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Phoronix Test Suite

OpenBenchmarking.org

Radeon DPM Is Fantastic For Power Use, Thermal Performance

Michael Larabel

Published on 30 July 2013
Written by Michael Larabel
Page 8 of 8 - 56 Comments

Now here's some overall power consumption and GPU core temperature graphs generated by the Phoronix Test Suite for the previously shown individual tests plus several other OpenGL tests (more GpuTest cases, etc).

For the averages throughout all of the OpenGL stress tests, plus idling in between tests, the Radeon HD 6870 on the open-source Linux graphics driver with R600 Gallium3D driver had an average core temperature of 59.7 degrees. When enabling Radeon Dynamic Power Management, the average core temperature for this high-end graphics card during the same workloads and idling periods was 54.5 degrees -- a drop of over five degrees Celsius. The Radeon HD 6770 temperature went from 46.1 to 44.0 degrees and the Radeon HD 4890 went from 70.1 degrees to 69.0 degrees on average.

The average system power consumption was also shown overall by the Phoronix Test Suite. During all of this testing, the Radeon HD 6870 by default had an average power consumption of 169 Watts but it dropped to 130.6 by simply setting radeon.dpm=1. The Radeon HD 6770 graphics card went from consuming 117.5 Watts on average to now at 107.0 Watts. The Radeon HD 4890 graphics card went from 179.6 to 166.5 Watts.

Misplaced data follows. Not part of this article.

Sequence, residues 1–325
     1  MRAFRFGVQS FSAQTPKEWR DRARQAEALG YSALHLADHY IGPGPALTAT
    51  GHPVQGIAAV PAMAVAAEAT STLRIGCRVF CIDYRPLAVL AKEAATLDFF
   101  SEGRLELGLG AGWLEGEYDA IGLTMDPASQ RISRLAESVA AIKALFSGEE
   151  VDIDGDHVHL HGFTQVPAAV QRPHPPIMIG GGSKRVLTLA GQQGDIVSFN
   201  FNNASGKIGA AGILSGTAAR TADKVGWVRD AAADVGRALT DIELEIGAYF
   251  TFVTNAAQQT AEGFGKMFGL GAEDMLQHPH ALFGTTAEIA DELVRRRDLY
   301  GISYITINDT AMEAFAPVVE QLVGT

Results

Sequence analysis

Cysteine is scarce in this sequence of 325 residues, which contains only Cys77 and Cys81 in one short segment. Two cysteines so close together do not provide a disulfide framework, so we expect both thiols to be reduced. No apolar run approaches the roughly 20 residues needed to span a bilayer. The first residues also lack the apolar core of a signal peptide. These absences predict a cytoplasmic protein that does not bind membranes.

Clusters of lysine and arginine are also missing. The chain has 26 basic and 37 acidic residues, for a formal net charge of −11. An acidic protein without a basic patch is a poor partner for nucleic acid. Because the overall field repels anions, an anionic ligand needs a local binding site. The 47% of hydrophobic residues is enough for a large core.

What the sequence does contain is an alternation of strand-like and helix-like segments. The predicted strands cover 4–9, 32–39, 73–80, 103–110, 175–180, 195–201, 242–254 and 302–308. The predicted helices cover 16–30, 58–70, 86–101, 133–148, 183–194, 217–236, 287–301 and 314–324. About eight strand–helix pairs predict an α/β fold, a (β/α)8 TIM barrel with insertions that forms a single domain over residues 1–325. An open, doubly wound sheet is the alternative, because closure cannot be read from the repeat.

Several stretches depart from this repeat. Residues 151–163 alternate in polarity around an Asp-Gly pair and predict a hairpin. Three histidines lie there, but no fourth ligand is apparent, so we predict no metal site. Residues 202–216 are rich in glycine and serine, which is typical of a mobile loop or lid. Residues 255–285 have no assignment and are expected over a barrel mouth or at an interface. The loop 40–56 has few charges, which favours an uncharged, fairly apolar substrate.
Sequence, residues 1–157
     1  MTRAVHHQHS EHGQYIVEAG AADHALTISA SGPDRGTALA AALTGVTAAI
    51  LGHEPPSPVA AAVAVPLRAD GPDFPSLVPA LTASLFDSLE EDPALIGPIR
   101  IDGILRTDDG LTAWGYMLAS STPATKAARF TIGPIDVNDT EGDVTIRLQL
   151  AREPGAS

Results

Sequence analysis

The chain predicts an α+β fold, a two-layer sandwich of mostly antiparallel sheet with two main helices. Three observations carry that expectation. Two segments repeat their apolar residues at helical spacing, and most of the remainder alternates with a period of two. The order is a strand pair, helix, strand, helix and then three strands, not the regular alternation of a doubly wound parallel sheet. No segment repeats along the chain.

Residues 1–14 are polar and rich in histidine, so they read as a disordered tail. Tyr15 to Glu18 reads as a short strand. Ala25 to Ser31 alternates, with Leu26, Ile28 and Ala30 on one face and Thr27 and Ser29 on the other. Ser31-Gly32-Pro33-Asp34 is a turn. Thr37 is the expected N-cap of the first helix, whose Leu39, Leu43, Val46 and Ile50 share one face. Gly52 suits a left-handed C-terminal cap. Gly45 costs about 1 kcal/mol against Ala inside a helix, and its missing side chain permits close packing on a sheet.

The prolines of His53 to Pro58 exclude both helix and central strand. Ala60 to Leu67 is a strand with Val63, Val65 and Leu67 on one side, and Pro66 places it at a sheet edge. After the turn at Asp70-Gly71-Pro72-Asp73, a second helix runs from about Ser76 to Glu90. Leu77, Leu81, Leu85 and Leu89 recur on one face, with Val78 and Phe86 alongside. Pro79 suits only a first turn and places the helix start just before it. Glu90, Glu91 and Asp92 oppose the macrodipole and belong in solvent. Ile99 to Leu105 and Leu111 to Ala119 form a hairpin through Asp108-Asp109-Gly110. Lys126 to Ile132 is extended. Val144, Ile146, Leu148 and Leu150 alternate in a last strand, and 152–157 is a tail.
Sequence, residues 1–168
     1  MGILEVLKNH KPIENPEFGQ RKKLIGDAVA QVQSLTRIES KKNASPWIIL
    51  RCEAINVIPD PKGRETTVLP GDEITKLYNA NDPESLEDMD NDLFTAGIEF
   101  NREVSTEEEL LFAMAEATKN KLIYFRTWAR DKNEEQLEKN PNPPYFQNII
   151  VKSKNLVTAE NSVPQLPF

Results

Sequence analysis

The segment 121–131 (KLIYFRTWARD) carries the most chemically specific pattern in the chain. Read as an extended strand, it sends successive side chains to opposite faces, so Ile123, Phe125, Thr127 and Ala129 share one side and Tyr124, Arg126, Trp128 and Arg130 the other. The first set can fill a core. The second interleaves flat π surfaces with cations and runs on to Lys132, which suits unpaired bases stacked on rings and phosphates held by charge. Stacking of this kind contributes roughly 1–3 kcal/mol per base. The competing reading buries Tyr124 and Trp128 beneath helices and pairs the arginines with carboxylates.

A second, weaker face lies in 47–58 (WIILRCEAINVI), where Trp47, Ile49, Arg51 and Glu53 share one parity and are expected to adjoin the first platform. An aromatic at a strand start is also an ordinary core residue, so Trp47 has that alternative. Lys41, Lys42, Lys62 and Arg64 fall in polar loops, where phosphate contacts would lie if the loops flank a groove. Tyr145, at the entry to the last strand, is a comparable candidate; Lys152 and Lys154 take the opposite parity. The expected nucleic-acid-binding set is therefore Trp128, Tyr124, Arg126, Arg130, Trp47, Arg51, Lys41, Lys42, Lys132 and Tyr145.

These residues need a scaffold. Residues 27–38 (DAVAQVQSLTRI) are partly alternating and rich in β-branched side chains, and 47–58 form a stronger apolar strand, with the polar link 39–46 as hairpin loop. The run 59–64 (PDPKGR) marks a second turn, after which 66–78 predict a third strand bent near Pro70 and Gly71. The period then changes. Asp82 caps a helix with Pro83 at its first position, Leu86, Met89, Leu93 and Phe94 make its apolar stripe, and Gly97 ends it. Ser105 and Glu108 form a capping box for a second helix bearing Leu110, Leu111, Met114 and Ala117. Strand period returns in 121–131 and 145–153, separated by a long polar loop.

Overall, the Radeon Dynamic Power Management support found within the Linux 3.11 kernel is very promising. Being mid-way through the Linux 3.11 development cycle, AMD believes most major bugs with this DPM code should be worked out. The support will still be disabled by default for Linux 3.11 and not turned on "out of the box" until a later Linux kernel release, but comfortable Linux enthusiasts can easily setup Radeon DPM. For modern Radeon graphics cards, the benefits of Radeon Dynamic Power Management are very noticeable with decreased power consumption and lower temperatures, as clearly shown by today's benchmarks. For other hardware, DPM means dramatic performance improvements.

About The Author
Michael Larabel is the principal author of Phoronix.com and founded the web-site in 2004 with a focus on enriching the Linux hardware experience and being the largest web-site devoted to Linux hardware reviews, particularly for products relevant to Linux gamers and enthusiasts but also commonly reviewing servers/workstations and embedded Linux devices. Michael has written more than 10,000 articles covering the state of Linux hardware support, Linux performance, graphics hardware drivers, and other topics. Michael is also the lead developer of the Phoronix Test Suite, Phoromatic, and OpenBenchmarking.org automated testing software. He can be followed via and or contacted via .
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